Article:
According to Wikipedia: “The Inns of Chancery or Hospida Cancellarie were a group of buildings and legal institutions in London initially attached to the Inns of Court and used as offices for the clerks of chancery, from which they drew their name. Existing from at least 1344, the Inns gradually changed their purpose, and became both the offices and accommodation for solicitors (as the Inns of Court were to barristers) and a place of initial training for barristers.
The practice of training barristers at the Inns of Chancery had died out by 1642, and the Inns instead became dedicated associations and offices for solicitors. With the founding of the Society of Gentlemen Practisers in 1739 and the Law Society of England and Wales in 1825, a single unified professional association for solicitors, the purpose of the Inns died out, and after a long period of decline the last one (Clement’s Inn) was sold in 1903 and demolished in 1934…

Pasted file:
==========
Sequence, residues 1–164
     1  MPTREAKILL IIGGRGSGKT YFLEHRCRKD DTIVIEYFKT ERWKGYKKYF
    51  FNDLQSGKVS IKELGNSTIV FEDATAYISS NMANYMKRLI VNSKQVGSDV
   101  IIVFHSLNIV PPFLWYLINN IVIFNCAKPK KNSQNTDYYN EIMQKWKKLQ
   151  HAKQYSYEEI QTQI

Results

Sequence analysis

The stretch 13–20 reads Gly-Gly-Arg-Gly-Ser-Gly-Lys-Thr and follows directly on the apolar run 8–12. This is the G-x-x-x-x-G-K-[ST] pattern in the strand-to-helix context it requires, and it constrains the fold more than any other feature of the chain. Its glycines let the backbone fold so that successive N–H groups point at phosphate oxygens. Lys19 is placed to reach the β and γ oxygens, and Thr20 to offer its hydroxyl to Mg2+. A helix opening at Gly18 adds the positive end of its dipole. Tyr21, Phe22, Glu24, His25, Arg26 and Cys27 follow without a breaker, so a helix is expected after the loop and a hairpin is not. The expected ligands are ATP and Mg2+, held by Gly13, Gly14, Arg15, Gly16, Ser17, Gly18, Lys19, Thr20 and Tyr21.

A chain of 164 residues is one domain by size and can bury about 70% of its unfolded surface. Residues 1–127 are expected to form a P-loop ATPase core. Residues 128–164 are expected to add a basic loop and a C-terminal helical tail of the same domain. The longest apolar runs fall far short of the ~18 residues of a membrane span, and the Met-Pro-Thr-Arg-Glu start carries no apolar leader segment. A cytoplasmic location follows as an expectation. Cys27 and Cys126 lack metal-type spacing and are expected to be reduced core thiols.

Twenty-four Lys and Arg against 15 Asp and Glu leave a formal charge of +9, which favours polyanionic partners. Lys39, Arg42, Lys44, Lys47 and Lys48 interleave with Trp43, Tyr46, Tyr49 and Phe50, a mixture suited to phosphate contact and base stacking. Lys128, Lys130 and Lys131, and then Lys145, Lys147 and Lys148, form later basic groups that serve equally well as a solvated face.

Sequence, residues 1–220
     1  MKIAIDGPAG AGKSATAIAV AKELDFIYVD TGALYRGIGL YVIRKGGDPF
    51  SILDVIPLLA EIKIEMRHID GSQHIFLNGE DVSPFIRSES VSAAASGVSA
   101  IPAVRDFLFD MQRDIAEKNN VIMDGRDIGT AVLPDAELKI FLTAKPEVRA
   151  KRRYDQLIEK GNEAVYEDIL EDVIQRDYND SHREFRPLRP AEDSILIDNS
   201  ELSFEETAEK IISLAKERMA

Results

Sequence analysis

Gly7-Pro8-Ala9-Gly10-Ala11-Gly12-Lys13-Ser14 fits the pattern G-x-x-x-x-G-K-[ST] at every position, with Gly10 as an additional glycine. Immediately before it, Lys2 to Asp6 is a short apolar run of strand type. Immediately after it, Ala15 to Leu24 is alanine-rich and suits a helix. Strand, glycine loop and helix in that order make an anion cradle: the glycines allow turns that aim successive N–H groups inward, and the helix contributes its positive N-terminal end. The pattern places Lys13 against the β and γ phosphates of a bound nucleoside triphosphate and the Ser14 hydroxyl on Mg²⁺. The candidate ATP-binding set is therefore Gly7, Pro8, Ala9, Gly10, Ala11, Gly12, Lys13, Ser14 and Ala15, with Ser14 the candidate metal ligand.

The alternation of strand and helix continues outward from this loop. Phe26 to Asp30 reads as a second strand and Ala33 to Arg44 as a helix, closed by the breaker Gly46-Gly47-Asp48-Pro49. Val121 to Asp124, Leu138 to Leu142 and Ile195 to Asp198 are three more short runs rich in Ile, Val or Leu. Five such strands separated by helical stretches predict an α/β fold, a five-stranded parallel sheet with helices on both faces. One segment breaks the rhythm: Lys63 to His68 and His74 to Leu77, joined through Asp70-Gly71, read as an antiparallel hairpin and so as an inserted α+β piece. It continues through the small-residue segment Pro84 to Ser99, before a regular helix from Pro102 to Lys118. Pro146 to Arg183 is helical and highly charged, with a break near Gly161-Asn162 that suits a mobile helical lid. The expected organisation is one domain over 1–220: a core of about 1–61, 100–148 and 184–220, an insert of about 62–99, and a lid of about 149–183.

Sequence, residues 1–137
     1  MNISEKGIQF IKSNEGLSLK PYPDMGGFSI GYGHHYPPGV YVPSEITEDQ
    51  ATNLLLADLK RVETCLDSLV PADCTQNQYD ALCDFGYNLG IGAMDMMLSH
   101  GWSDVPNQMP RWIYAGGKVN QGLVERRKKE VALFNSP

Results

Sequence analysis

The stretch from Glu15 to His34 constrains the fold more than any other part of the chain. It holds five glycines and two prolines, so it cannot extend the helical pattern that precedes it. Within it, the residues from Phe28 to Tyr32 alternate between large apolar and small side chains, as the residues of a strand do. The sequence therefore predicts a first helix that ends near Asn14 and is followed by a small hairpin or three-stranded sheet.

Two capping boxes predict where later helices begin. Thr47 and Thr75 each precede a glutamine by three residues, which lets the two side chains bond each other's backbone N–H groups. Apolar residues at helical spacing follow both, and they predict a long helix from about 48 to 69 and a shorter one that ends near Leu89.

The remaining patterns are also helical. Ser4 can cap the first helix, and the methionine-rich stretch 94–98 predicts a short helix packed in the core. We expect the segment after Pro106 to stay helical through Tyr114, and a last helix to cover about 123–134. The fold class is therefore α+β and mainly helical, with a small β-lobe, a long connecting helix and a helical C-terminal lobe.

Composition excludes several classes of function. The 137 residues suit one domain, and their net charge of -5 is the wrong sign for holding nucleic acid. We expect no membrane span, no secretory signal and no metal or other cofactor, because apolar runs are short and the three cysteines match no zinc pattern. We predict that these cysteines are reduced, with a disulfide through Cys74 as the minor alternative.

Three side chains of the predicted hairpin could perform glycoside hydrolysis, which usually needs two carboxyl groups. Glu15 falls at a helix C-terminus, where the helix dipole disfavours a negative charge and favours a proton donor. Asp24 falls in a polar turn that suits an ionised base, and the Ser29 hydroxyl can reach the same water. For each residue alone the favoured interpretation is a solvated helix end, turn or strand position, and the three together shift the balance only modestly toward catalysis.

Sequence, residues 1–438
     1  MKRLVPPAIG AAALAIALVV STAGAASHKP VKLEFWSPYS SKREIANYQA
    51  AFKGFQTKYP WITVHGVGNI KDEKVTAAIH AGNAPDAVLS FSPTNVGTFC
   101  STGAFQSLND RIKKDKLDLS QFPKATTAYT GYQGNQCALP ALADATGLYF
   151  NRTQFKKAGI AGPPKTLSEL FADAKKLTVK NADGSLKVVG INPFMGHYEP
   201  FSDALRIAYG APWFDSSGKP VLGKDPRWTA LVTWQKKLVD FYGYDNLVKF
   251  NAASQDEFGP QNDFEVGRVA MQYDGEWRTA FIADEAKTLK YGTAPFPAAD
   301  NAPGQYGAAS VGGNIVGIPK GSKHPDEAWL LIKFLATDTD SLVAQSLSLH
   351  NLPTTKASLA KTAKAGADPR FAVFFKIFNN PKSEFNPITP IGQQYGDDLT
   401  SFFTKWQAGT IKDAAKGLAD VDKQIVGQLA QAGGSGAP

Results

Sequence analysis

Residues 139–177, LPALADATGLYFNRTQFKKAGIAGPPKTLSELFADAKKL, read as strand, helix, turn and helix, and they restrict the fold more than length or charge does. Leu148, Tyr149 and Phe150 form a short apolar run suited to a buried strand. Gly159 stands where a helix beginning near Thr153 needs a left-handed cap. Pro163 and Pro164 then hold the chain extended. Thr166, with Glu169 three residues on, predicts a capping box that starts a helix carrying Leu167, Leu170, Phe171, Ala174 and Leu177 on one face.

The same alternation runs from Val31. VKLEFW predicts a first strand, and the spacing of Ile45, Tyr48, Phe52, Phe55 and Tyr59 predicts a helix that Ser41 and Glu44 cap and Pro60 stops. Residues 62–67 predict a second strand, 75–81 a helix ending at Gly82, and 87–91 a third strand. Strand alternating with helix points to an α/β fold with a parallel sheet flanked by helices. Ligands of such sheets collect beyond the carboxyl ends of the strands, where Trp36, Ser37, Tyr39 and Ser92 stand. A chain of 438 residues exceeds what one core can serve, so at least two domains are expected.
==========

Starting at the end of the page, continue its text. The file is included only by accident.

(Staple Inn was abolished as a civil parish in 1930. From 1900 it had been part of the Metropolitan Borough of Holborn. It was designated a Grade I listed building in 1974, and is the last surviving Inn of Chancery. Although it was dissolved with the other Inns of Chancery in the 19th Century, the part Tudor building was not demolished.)
…John Fortescue wrote of ten Inns of Chancery, each one attached to an Inn of Court “like Maids of Honour to a Princess”. Only nine are known of in detail; the other was St George’s Inn.
The ten Inns were:
• Clement’s Inn, Lyon’s Inn and Clifford’s Inn attached to the Inner Temple,
• St George’s Inn, Strand Inn, and New Inn attached to the Middle Temple,
• Furnival’s Inn and Thavie’s Inn attached to Lincoln’s Inn, and
• Staple Inn and Barnard’s Inn attached to Gray’s Inn.
(An eleventh Inn of Chancery, the Outer Temple, was said to exist by the legal historian John Baker in 2008. This is denied by other writers.)”